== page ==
Vinaya Pitaka (3): Khandhaka

by I. B. Horner | 2014 | 386,194 words | ISBN-13: 9781921842160

The English translation of the Khandhaka: the second book of the Pali Vinaya Pitaka, one of the three major ‘baskets’ of Therevada canonical literature. It is a collection of various narratives. The English translation of the Vinaya-pitaka (third part, khandhaka) contains many Pali original words, but transliterated using a system similar to the I...

Harmonious invitation

Kd.4.18.1 Now at that time several monks, friends and companions, Vin.1.177 entered on the rains in a certain residence in the Kosala country. While these were staying together on friendly terms and harmonious, a certain comfort was arrived at. Then it occurred to these monks: “While we are staying together … arrived at. But if we should invite now, it may be that (some) monks, having invited, may set forth on tour, and so we will come to lose[1] this comfort. Now what line of conduct should be followed by us?” They told this matter to the Lord.

Kd.4.18.2 BD.4.233 He said: “This is a case, monks, where several monks friends and companions, enter on the rains in a certain residence. While these are staying together … arrived at. If it then occurs to these monks: ‘While we are staying together so we will come to lose this comfort’. I allow you, monks, to make a protection of an Invitation day.[2]

Kd.4.18.3 “And thus, monks, should it be made: Each and every one should gather together in the same place; when they have gathered together, the Order should be informed by an experienced competent monk, saying: ‘Honoured sirs, let the Order listen to me. While we were staying together … so will we come to lose this comfort. If it seems right to the Order, the Order may make a protection of an Invitation day, it may carry out the Observance, it may recite the Pātimokkha now; the Order may invite on the next komudī cātumāsinī day. This is the motion.

Kd.4.18.4 “‘Honoured sirs, let the Order listen to me. While we were staying together … so will we come to lose this comfort. The Order is making a protection of the Invitation day; it will carry out the Observance, it will recite the Pātimokkha now; it will invite on the next komudī cātumāsinī day. If the making a protection of the Invitation day (by the Order) is pleasing to the venerable ones (so that) it will carry out the Observance, will recite the Pātimokkha now, and will invite on the next komudī cātumāsinī day, you should be silent; he to whom it is not pleasing should speak. A protection of the Invitation day is made by the Order, it will carry out the Observance, it will recite the Pātimokkha now, and it will invite on the next komudī cātumāsinī day. It is pleasing to the Order, therefore it is silent. Thus do I understand this.’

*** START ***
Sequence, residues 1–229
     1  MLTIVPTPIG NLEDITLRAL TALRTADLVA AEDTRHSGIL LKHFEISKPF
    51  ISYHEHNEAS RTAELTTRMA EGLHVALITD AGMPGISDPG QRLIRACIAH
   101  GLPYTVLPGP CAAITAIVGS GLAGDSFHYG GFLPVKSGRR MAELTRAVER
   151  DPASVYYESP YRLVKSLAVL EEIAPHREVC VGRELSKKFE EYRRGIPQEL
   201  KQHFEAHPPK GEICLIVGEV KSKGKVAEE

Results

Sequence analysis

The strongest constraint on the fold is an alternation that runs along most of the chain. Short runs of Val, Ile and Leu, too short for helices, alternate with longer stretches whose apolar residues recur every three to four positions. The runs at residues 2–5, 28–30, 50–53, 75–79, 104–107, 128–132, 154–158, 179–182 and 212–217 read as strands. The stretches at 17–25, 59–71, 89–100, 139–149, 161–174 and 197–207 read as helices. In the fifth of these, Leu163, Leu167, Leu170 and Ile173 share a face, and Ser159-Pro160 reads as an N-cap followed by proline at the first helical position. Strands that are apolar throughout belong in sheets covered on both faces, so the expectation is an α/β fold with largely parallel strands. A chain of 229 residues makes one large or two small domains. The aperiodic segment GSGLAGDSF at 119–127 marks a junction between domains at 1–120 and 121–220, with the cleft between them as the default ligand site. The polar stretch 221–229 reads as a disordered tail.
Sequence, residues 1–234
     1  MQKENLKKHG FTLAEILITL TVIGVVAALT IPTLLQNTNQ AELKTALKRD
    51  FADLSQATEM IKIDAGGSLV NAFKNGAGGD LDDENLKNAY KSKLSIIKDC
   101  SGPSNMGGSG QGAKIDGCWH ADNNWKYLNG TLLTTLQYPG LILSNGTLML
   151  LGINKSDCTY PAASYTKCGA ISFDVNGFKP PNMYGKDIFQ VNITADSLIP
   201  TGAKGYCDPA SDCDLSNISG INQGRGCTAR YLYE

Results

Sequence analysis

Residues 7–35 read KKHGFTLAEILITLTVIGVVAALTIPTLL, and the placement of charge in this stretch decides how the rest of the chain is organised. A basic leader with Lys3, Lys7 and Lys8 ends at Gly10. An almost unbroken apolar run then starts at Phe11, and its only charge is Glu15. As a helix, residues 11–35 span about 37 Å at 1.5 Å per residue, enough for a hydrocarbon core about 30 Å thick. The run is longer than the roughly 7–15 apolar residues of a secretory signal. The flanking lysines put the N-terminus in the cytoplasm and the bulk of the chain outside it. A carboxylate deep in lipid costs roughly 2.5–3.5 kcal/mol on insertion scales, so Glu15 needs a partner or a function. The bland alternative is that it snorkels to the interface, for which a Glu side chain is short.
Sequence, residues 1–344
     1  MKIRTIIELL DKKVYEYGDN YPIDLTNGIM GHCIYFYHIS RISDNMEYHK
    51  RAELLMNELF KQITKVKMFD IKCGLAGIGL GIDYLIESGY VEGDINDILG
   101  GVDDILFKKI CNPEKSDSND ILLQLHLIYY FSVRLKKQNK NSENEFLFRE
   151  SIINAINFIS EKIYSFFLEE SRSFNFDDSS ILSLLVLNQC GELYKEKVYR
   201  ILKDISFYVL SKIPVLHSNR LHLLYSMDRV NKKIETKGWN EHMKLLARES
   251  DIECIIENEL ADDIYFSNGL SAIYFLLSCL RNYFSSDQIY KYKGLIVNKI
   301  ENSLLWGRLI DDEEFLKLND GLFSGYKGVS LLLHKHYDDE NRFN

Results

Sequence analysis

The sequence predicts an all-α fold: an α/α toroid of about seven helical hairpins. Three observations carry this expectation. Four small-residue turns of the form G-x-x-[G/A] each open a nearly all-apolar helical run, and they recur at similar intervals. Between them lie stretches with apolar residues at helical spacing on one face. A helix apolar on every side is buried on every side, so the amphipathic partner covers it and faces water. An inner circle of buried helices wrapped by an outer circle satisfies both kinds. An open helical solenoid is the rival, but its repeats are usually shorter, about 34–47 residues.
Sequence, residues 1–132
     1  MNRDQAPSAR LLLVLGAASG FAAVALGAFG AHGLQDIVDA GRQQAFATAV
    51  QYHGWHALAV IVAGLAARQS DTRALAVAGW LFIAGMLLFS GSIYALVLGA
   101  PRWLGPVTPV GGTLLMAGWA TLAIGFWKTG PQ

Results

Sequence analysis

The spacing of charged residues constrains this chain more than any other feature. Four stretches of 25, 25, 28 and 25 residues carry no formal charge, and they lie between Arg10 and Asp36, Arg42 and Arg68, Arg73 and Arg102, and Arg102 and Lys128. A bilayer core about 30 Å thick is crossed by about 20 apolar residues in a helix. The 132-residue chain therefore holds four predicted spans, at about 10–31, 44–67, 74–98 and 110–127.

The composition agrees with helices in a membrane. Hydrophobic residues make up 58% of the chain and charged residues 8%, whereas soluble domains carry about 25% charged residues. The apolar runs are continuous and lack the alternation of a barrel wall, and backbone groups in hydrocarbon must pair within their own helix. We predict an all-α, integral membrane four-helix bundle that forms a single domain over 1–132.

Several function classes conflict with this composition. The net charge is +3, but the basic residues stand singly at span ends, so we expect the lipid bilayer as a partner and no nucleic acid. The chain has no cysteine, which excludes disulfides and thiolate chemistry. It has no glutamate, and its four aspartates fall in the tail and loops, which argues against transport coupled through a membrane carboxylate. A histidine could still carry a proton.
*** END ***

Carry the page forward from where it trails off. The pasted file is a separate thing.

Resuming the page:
Kd.4.18.5 “If, monks, when these monks have made a protection of an Invitation day, any monk should speak thus: ‘I want, your reverences, to set forth on a tour of the country, I have business to do in the country’, he should be spoken to thus: ‘Very BD.4.234 well, your reverence, you can go when you have invited.’ And Vin.1.178 if, monks, that monk, while he is inviting, suspends another’s invitation, he should be spoken to thus: ‘You, your reverence, are not master of my Invitation day, I will not invite yet’. And if, monks, any monk suspends that monk’s invitation while that monk is inviting, the Order, having questioned both closely and cross-questioned them, should have them dealt with according to the rule.

Kd.4.18.6 “If, monks, that monk, having concluded his business in the country, returns again to that residence before the komudī cātumāsinī day and if, monks, while those monks are inviting, any monk suspends that monk’s invitation, he should be spoken to thus: ‘You, your reverence, are not master of my Invitation day, I have invited (already)’. If, monks, while those monks are inviting, that monk suspends any monk’s invitation, the Order, having questioned both closely and having cross-questioned them, and having had them dealt with according to the rule, may invite.”

The Fourth Section: that on Invitation

Having kept the rains they went to see the teacher in Kosala,
communion that was uncomfortable (and) like beasts, suitable in regard to one another,
Inviting on a seat,[3] and two, (formal) act, ill one,
relations, kings, and thieves, and men of abandoned life,
likewise monks who are enemies of monks,
Five, four, three, two, one, fallen,
he doubted, he remembered, the whole Order, being in doubt,
greater, like, smaller (number),
Resident monks, the fourteenth, the two communions by mark,
should arrive, not in a seated (assembly),
giving leave of absence, non-invitation,
About savages, almost ended, great cloud, and an obstacle, invitation,
they do not give (leave), ‘in case our’,
and not (duly) suspended, for a monk,
BD.4.235 ‘Or on what?’, and which in regard to what is seen, heard, suspected,
reproving and reproved, grave offence, matter, strife,
And a protection of an Invitation day, not master, may invite. Vin.1.179

Footnotes and references:

1.

paribāhirā, external to, outside; as a noun, outsiders.

2.

pavāraṇāsaṃgaha. Vin-a.1080 says that “when the pavāraṇāsaṃgaha has been given, there comes to be as it were an avoidance during the rains; incoming monks can not take their (the resident ones’) lodgings, nor should the rains be cut short by them, for, having invited, they get the chance to set out on tour even during (the rains)”. The monks protect their harmony by postponing the Invitation day to the end of the rainy season.

3.

pavārentāpaṇā. I follow the reading pavārent āsane of Sinhalese edition, and as suggested by Oldenberg at Vin.1.379 (see Kd.4.18.2).